When Alejandra Hernandez got married in April 2022, she had her 14 bridesmaids sit down the day before the wedding with one request: “Please capture as much of my wedding as possible. I want to be able to watch in back and have that behind-the content of the scenes.”
She knows it was a tall order, Hernandez told CNBC Make It: “It’s hard to ask someone who’s supposed to be enjoying your day with you to say, ‘Hey, can you work for that too? Me? You might as well hire them then.”
Then a business idea struck. In April 2023, a year after her own wedding, Hernandez, 37, of Redwood City, Calif., started a wedding content creation business, Always A Bride Events, where couples can hire her to get all the video content they want from their big day to post on TikTok and Instagram.
For anywhere between $800 and $1,800, Hernandez spends six to 12 hours with couples to capture every moment of their wedding. Standard packages include a set number of edited videos, with a focus on clips that use the platform’s trending sounds and transitions, behind-the-scenes moments outside of the ceremony, or total recaps of the day.
There is plenty of room for customization. In May, Hernandez spent a week in Las Vegas capturing moments like the bride’s spa day, the rehearsal dinner, the wedding itself and a post-ceremony trip on the Fremont Street zipline. For about 21 hours of work, she charged $2,200 (which includes a discount for early customers).
Hernandez is one of many social media experts banking on an emerging wedding trend. As a new wedding season begins, you’re bound to see plenty of event photos and videos on your feed — and there’s a chance the newlyweds paid someone thousands of dollars to get that TikTok clip. or perfect Instagram.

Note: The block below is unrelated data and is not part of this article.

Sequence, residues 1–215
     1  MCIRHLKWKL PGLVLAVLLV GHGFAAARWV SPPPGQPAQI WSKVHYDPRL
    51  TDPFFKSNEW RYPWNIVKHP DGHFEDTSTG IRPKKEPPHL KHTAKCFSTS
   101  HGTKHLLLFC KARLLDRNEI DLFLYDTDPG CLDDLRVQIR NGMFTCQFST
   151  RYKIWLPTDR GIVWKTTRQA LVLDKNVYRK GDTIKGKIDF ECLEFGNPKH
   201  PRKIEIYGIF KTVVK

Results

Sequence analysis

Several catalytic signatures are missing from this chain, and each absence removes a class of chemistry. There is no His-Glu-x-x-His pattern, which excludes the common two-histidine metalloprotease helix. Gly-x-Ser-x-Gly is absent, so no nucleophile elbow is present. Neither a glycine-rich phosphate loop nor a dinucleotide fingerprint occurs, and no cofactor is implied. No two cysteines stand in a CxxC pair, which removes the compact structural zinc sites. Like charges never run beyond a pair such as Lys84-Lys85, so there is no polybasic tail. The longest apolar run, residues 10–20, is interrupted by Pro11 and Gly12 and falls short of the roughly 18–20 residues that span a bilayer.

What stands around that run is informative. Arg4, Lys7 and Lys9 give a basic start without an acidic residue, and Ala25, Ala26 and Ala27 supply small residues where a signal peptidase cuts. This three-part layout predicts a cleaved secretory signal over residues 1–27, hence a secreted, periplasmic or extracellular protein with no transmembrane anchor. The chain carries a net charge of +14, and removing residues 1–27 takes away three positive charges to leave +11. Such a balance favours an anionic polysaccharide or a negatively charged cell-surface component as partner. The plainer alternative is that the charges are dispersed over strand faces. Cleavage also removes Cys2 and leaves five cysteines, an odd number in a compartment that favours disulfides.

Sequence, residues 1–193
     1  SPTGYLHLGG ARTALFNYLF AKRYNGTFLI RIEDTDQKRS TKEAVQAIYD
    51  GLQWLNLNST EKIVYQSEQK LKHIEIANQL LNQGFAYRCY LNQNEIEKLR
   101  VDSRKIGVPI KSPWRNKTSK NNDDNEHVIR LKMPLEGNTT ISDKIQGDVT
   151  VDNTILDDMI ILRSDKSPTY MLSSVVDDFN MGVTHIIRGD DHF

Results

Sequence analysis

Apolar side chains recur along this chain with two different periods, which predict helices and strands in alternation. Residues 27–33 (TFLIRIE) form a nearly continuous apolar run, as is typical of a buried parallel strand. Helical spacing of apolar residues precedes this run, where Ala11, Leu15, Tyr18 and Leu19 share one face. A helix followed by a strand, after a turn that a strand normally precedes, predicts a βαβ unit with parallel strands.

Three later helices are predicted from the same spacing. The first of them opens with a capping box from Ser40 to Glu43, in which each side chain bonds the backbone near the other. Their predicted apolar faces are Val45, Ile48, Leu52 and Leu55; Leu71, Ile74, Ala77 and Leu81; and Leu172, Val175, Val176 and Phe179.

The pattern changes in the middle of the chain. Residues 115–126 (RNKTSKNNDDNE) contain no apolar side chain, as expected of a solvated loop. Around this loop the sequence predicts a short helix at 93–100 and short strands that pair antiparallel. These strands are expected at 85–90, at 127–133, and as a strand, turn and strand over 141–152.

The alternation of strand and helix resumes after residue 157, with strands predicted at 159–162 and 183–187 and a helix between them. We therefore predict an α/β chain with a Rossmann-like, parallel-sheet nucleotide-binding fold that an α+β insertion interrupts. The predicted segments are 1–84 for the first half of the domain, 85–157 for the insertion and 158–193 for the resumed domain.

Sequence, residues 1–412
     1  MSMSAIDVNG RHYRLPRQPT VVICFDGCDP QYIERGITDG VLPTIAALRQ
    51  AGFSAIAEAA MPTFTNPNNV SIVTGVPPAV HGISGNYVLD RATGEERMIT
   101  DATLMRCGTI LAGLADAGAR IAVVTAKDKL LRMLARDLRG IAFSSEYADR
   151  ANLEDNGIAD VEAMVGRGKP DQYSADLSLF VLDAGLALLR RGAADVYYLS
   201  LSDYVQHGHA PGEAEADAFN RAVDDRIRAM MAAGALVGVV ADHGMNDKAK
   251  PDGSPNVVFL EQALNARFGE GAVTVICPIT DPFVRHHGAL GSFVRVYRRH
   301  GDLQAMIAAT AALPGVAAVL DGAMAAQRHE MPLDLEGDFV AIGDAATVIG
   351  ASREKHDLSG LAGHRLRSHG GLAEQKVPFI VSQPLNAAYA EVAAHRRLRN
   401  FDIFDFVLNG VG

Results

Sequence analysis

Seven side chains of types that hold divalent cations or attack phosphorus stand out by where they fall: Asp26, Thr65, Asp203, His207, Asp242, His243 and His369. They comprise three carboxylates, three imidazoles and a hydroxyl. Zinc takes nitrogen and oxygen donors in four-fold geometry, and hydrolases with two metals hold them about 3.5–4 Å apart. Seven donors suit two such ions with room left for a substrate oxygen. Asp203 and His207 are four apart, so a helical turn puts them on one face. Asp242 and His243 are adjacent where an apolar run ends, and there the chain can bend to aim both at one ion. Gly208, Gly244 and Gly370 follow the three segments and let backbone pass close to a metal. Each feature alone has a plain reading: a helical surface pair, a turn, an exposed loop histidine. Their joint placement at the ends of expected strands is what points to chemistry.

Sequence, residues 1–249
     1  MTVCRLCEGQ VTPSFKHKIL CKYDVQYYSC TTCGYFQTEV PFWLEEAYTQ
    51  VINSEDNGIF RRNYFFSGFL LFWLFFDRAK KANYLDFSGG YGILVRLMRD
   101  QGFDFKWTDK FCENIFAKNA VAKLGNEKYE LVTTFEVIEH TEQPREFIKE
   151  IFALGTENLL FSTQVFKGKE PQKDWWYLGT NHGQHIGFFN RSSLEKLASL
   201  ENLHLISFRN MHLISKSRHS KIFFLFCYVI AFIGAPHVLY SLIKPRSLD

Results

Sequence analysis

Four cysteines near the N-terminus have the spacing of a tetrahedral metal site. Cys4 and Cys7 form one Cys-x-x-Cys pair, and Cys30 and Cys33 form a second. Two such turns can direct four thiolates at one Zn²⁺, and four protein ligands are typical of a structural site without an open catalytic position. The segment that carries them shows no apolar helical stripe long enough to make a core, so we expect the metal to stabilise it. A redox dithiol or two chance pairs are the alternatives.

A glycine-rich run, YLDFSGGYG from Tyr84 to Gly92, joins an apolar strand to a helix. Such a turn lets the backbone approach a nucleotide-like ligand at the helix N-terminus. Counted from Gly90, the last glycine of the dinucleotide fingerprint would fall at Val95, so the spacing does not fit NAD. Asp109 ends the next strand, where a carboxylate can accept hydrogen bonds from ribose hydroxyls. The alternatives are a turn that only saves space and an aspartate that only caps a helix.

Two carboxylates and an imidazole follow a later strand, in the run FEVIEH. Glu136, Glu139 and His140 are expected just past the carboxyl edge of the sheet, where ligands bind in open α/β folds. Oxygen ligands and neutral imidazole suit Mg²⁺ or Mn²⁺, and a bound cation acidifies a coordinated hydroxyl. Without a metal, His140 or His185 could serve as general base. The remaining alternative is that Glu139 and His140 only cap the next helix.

Couples want to unplug and relive their marriages immediately
There was no way Kelsey Wilkins, the Las Vegas bride, would rush to get a wedding content creator in addition to hiring a wedding photographer and videographer.
Wilkins, 29, of Fayetteville, Ark., says social media plays an important role in his life as a small business owner. She decided to add “content creator” to her $50,000 wedding budget thinking it would be a good idea.
What she didn’t expect was that by hiring Hernandez, the couple was buying peace of mind. They didn’t have to worry about guests capturing behind-the-scenes footage when they should be celebrating. “I couldn’t stop my best friend from enjoying the moment with me, or make my mom do it,” Wilkins said.
The newlyweds had an unplugged ceremony, so Hernandez’s phone footage is all they have to relive the wedding immediately until edited photos and video arrive.
It can be difficult for newlyweds to remember everything that happened on their wedding day. Without their professionally captured social content, Wilkins says, “I wouldn’t have been able to see myself in my dress and my flowers,” or the process of getting her husband ready, or the whole ceremony from a guest’s perspective. .
Being able to relive those moments with her hubby on their honeymoon was well worth the money: “It’s so beautiful to look back at the footage from the wedding itself,” she says.
“You have to charge people for it”
Lanise Harris was already good at making social media clips when she attended weddings for friends and family. Then, during the pandemic, Harris said, “My sister texted me and said, ‘You have to charge people for this.'”